A message to little Girl Scouts out there: Make sure you make the sale and exchange the cash. Having your parents do it for you teaches you nada. While I am not one to encourage sugar indulgence, it is definitely hard to resist. Especially when you are walking into the grocery store. Go buy a box, and maybe let that girl creatively get you to buy two, three, or ten more.

How do you come across?

Do you ever wonder what others think of you? Do you ever wonder if others think about how they are coming across, or how they are portraying themselves? I recently finished the book: “Friendkeeping” by Julie Klam. She discusses all types of friendships in her life, which ones feed and fuel her and which ones suck the life out of her. A quote from her book made me think of friends, but it can also really apply to anyone in our life.

“A lot of times people don’t realize how they’re coming across, and sometimes you need to tell them.” page 192

It is an idea that I have thought about often. Have you ever been in an awkward situation with a friend where they are being rude or unkind and you know in your heart that you have to tell them? Or, maybe they are sad and depressed all the time and they do not realize that is the energy they have brought to an experience with others. Another scenario might be where they often plow over you and are thinking only about their situation and completely disregard you or think not a second about your feelings. These are the times when we have to be honest and upfront.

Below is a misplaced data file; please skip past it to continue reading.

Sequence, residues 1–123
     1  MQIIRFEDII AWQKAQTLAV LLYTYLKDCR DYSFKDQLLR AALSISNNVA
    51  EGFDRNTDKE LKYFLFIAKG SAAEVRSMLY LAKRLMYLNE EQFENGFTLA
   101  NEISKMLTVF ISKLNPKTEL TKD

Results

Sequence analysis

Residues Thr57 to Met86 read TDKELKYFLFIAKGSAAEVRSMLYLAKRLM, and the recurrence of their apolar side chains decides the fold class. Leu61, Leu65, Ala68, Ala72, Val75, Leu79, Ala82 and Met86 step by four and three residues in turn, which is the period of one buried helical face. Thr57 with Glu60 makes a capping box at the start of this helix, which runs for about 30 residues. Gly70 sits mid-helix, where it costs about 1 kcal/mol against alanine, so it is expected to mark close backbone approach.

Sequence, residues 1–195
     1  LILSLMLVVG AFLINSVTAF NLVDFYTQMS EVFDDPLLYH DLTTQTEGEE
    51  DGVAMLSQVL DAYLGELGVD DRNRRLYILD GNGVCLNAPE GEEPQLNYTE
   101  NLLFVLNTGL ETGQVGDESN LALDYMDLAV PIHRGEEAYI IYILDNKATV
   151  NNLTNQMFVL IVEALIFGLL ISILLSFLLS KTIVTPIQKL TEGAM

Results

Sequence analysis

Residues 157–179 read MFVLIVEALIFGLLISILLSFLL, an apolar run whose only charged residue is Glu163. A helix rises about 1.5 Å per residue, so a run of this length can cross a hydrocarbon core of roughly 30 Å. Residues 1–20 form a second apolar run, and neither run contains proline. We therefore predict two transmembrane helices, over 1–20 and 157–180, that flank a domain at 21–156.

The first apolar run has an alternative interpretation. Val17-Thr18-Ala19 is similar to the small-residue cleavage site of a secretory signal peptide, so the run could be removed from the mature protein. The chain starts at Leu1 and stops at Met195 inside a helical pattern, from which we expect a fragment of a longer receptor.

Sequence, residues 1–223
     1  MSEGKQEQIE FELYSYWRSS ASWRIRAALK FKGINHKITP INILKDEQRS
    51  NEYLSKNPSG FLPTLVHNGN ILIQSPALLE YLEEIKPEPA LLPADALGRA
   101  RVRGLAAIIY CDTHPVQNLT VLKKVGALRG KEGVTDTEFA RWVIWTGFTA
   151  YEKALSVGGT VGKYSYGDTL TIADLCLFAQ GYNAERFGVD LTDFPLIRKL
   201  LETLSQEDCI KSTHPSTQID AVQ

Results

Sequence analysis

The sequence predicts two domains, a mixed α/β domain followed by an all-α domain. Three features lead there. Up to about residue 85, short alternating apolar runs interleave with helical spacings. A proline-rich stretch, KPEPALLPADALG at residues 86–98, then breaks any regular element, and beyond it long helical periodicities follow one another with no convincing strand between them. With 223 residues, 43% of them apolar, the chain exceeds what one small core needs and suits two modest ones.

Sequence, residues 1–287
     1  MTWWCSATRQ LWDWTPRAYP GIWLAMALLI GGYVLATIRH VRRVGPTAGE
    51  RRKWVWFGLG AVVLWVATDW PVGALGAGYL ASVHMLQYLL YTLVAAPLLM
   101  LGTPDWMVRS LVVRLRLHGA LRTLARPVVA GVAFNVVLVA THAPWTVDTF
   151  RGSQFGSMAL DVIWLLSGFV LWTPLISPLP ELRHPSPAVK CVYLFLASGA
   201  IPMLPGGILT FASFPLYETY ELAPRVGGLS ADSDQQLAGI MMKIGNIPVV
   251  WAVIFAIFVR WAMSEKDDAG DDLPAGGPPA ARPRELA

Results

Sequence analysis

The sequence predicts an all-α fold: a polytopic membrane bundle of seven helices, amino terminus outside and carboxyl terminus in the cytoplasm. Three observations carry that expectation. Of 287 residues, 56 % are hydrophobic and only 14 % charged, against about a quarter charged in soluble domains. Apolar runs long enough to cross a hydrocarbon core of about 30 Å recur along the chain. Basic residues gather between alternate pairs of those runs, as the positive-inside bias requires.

Yet, that can be hard. Why is it that so often we hold back with our closest friends and do not tell them what we think they should hear? Do we think they are not ready for it? Do we think they cannot handle it? Or, is it more that we are concerned that our honesty will drive them away from us, and while they might agree, they are not ready to deal with our honesty? It is a tough position to sometimes be in.

It can be a lot of work. Friends are supposed to be the ones that tell it like it is, where we can be completely transparent and state exactly what is on our mind, but is that always really true? Is it sometimes easier to just not say anything at all and keep it to ourselves? Often the other person is stuck in their own world and cannot for the life of them see where you are coming from and that you have their best interest in mind. You are concerned because you love and care about them!